Sunday, January 31, 2016

TCM in February: 31 Days of Oscar Highlights

It doesn't seem possible, but January 2016 has already come to a close! Which means it's time for 31 Days of Oscar on Turner Classic Movies!

This year each Oscar-nominated film shown is linked to the next movie by a cast member, with the very last film of the 31 Days linking back to the first film!

By its nature, the February schedule on TCM is typically short of lesser-known "discoveries," but it's filled with excellent films. It's always a particularly good month for anyone to catch up with previously unseen classics!

Here are a few highlights from this month's packed schedule! Click any hyperlinked title to read the related review.

...On Monday, February 1st, I highly recommend Doris Day and Howard Keel in CALAMITY JANE (1953). It was such a treat to see this colorful, tuneful movie with an appreciative audience at last year's TCM Classic Film Festival!

...THE HUMAN COMEDY (1943), showing on February 2nd, is classic MGM Americana. The Nitrate Diva paid tribute to it in May 2014. The cast includes Mickey Rooney (never better), Van Johnson, Donna Reed, Frank Morgan, Marsha Hunt, James Craig, and Butch Jenkins.

...LITTLE WOMEN (1933) is one of those movies I can't recommend often enough. Katharine Hepburn, Frances Dee, Joan Bennett, and Jean Parker play the March sisters. It airs February 3rd. (It's on my list of "old favorites" to revisit and review here!)

...Another of Katharine Hepburn's best films was STAGE DOOR (1937), showing on February 4th. The amazing cast includes Ginger Rogers, Gail Patrick, Ann Miller, Lucille Ball, and Eve Arden.

...February 5th is one of those days it's very difficult to pick what to recommend! The schedule includes the Technicolor stunners LEAVE HER TO HEAVEN (1945) and HEAVEN CAN WAIT (1943); the latter was directed by Ernst Lubitsch, and his gem THE SMILING LIEUTENANT (1931) is also on the schedule. And so is IT HAPPENED ONE NIGHT (1934)..and so is MERRILY WE LIVE (1938). A marathon might be in order!

...Anyone who hasn't yet seen the Rene Clair delight IT HAPPENED TOMORROW (1944), starring Dick Powell and Linda Darnell, should make it a point to catch it in the wee hours on February 7th. It's a delightful comedic fantasy which may have inspired the Kyle Chandler TV series EARLY EDITION.

...TCM is showing two versions of THE LETTER on February 11th, the 1929 version with Jeanne Eagels and the 1940 version with Bette Davis.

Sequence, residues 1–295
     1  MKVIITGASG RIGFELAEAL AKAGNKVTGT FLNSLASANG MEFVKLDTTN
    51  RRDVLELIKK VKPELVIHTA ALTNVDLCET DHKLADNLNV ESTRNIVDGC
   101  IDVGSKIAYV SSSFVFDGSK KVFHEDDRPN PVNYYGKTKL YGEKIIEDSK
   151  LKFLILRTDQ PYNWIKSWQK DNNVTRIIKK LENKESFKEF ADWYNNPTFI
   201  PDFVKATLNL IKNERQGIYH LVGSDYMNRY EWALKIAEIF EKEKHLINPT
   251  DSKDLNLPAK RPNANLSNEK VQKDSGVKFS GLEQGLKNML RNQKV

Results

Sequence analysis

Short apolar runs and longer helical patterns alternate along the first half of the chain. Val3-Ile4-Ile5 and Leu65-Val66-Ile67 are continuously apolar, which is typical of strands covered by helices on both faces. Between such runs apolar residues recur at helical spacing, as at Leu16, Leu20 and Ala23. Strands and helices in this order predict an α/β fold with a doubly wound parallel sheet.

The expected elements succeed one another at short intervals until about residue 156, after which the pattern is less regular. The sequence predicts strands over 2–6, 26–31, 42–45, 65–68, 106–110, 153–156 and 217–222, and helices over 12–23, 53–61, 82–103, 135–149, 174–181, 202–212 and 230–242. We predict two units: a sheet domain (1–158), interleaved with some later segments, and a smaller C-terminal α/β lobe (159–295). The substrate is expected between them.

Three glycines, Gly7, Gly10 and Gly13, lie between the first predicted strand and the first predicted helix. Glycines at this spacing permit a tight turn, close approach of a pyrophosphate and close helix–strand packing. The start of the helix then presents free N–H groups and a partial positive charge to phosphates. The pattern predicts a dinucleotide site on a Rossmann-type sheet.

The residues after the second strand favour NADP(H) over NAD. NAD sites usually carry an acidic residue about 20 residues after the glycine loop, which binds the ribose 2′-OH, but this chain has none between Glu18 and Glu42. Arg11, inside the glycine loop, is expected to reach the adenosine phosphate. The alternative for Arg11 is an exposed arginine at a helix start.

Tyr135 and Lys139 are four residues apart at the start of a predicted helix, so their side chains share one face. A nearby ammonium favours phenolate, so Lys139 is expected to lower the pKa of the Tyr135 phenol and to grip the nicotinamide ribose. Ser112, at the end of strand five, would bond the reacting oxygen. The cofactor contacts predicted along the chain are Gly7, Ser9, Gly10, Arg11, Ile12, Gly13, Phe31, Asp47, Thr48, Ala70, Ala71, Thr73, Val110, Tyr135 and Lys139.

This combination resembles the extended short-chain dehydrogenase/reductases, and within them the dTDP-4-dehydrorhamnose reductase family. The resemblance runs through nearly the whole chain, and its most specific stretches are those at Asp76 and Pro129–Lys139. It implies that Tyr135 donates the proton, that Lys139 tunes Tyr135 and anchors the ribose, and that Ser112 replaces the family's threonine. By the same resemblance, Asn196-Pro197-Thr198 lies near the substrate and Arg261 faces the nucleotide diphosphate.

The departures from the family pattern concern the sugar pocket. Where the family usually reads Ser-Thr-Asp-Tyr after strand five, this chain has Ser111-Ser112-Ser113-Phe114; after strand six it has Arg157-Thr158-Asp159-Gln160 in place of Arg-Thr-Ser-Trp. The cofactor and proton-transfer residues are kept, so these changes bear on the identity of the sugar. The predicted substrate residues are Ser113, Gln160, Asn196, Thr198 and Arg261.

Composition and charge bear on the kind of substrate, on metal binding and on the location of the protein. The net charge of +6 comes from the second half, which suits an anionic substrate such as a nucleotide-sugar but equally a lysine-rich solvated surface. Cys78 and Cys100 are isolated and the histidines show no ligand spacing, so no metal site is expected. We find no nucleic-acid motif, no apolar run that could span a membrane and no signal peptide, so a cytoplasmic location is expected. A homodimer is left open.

...My DVR is set to record Louis Hayward, Joan Bennett, and George Sanders in THE SON OF MONTE CRISTO (1941) early on February 12th.

...Although I tend to worry when many "newer" films are shown on TCM, I do plan to record HOOPER (1978), which I haven't seen since it came out. I recently reviewed a biography of stuntman-actor Jock Mahoney and read that Brian Keith's character, "Jocko," was based on his old friend Mahoney. Mahoney's stepdaughter Sally Field and daughter Princess O'Mahoney both appear in the film. HOOPER is shown on February 13th.

...You simply can't do better than John Ford's STAGECOACH (1939) on February 15th!

...One of the highlights this month is the February 17th TCM premiere of FRENCHMAN'S CREEK (1944), starring Joan Fontaine and Arturo de Cordova. I saw it at UCLA two years ago, as part of a tribute to de Cordova. Incredible Technicolor! (Side note, in March TCM will have an evening of films based on Daphne Du Maurier novels; in addition to FRENCHMAN'S CREEK, Joan's sister Olivia de Havilland stars in MY COUSIN RACHEL. Strangely, they're not also including Joan's REBECCA!)

...HIGHER AND HIGHER (1943), showing on February 18th, is an old favorite I've loved since childhood. It stars a very young Frank Sinatra, and the amazing cast includes Mel Torme, Marcy McGuire, Jack Haley, Barbara Hale, Victor Borge, Michele Morgan, and Dooley Wilson, and watch for Dorothy Malone and Elaine Riley in bit roles. The score includes "A Lovely Way to Spend an Evening" and the Oscar-nominated "I Couldn't Sleep a Wink Last Night." Pure fun.

...Noir bliss on February 19th: Charles McGraw in THE NARROW MARGIN (1952) and Dennis O'Keefe in T-MEN (1947).

...I didn't think the Cinderella film THE SLIPPER AND THE ROSE (1976) was especially good, but it does have a lovely Oscar-nominated song by the Sherman Brothers, "The Slipper and the Rose Waltz." It airs February 21st.

...The night of February 22nd has a run of favorite films, starting with Joel McCrea and Jean Arthur in THE MORE THE MERRIER (1943), then McCrea in Hitchcock's FOREIGN CORRESPONDENT (1940), Fred Astaire and Joan Leslie in THE SKY'S THE LIMIT (1943), and Robert Montgomery and Maureen O'Sullivan in HIDE-OUT (1934). Make a date for another marathon and watch them all!

...The plot of BLUES IN THE NIGHT (1941) might be a bit murky, but what a title song! It's hard to believe it didn't win Best Song, until you check out the competition, which included "Chattanooga Choo-Choo" and "Boogie-Woogie Bugle Boy," not to mention the lovely "Baby Mine" from Disney's DUMBO (1941). It's shown on February 24th. Stars include Priscilla Lane, Lloyd Nolan, Richard Whorf, and Jack Carson. (Update: BLUES IN THE NIGHT is Caftan Woman's "One for February" pick!)

...THE LONGEST DAY (1962) is one of the best WWII films ever made, with its all-star cast successfully creating "real" characters. Unforgettable performances by Robert Mitchum, John Wayne, Jeffrey Hunter, Richard Todd, and more. It's on February 25th.

...I really enjoy THE YOUNG IN HEART (1938), which will be shown on February 26th. It's a delightful romantic comedy with a stellar cast including Douglas Fairbanks Jr., Paulette Goddard, Janet Gaynor, Richard Carlson, and Roland Young. And get an eyeful of the Flying Wombat!